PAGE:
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# Non-recursive Permutations and Combinations

, 22 Dec 2010 CPOL
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Enumerating permutations and combinations without recursion.

## Introduction

Here I'll present my implementation of non-recursive permutations and combinations of a generic list of objects. I don't actually use this code in production, I wrote it as a personal exercise. I only hope that the techniques used will be of some use to someone.

If the provided list contains nulls or duplicates, they will be included, not ignored; if you don't want nulls and duplicates, don't provide them; otherwise, I'll assume you provided them because you want them.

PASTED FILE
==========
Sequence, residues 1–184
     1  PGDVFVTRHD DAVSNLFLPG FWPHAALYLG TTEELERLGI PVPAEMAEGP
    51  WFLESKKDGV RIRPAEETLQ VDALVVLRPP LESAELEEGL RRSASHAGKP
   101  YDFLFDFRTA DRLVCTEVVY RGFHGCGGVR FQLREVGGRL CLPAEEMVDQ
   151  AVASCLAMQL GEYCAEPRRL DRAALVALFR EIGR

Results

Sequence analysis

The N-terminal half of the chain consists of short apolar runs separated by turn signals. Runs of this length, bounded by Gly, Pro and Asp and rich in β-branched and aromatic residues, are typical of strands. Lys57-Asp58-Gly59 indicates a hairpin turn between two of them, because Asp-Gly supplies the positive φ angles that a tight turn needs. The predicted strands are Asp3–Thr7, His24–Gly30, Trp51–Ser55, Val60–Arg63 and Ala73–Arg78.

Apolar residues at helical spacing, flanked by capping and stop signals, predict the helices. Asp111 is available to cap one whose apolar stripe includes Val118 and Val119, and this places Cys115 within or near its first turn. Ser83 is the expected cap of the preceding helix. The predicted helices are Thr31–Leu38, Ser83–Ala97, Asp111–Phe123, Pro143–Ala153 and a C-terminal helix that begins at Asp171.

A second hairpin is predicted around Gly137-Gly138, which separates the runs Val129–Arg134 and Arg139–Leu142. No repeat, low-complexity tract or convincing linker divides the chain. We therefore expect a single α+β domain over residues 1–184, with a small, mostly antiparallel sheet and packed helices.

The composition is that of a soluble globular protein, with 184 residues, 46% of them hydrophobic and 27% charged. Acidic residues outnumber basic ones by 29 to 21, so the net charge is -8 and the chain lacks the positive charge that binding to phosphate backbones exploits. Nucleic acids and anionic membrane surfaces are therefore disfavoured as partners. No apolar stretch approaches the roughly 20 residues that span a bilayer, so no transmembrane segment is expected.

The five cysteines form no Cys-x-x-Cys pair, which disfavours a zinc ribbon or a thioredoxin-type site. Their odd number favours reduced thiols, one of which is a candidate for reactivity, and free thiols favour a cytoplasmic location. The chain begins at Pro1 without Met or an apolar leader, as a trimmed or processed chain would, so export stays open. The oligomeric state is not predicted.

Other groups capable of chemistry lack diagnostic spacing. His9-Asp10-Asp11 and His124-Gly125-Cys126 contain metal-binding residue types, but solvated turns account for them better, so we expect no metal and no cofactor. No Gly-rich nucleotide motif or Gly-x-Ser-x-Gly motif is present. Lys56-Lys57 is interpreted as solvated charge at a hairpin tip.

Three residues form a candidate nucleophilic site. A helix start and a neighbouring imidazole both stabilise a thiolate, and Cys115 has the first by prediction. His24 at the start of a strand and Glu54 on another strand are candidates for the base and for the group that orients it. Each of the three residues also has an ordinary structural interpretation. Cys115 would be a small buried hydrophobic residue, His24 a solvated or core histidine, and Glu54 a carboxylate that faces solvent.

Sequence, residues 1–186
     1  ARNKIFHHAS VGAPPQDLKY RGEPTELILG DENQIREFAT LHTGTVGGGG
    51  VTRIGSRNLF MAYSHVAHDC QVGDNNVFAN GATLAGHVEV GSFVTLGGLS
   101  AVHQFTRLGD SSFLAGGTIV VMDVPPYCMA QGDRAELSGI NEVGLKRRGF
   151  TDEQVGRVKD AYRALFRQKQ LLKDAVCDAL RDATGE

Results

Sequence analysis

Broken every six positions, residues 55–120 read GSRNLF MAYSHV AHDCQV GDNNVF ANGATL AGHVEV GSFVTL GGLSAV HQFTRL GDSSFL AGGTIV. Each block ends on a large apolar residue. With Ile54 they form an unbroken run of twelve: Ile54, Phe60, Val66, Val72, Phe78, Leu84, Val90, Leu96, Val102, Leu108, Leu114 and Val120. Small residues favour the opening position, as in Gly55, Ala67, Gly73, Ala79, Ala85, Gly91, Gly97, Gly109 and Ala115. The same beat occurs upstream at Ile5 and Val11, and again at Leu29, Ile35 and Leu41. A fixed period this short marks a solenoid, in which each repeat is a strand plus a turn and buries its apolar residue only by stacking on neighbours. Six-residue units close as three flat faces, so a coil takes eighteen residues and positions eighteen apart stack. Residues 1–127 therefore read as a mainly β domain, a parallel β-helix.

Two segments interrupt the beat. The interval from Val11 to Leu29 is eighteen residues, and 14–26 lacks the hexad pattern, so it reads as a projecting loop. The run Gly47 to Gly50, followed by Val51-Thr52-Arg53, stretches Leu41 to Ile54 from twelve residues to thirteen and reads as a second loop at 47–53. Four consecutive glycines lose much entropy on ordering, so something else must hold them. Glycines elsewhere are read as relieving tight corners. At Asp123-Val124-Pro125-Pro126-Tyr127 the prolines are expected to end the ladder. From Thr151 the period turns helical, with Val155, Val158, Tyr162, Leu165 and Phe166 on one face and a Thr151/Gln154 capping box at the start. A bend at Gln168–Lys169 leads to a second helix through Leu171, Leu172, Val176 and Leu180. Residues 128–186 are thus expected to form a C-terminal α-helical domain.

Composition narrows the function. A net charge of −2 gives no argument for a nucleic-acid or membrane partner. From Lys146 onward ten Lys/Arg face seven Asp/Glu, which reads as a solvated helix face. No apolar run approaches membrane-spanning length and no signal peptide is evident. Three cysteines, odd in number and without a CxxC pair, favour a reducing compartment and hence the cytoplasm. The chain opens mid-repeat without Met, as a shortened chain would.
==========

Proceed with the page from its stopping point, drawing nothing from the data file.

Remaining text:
## Background

A while back, someone posted recursive implementations of permutations and combinations. I commented that recursion wasn't a good way to do it. At that time, I wrote these implementations, mainly to be sure that I wasn't talking out the wrong end. Eventually, someone else called me on it and asked that I put my cards on the table, so here is my code.

## Theory

I won't go into the theory of permutations and combinations; you can look them up on Wikipedia. What I will say, is that as I thought about this in relation to .NET and the `IList<T>` interface in particular, it occurred to me that performing permutations and combinations can be reduced to performing the permutations and combinations of the indices of the items, rather than the items themselves. (The `IList` interface specifies 32-bit signed integers as indices.) That makes the task a little easier -- the indices are always a contiguous sequence of integers from 0 to n-1 (where n is the number of items in the list). Therefore, the underlying code need not be generic.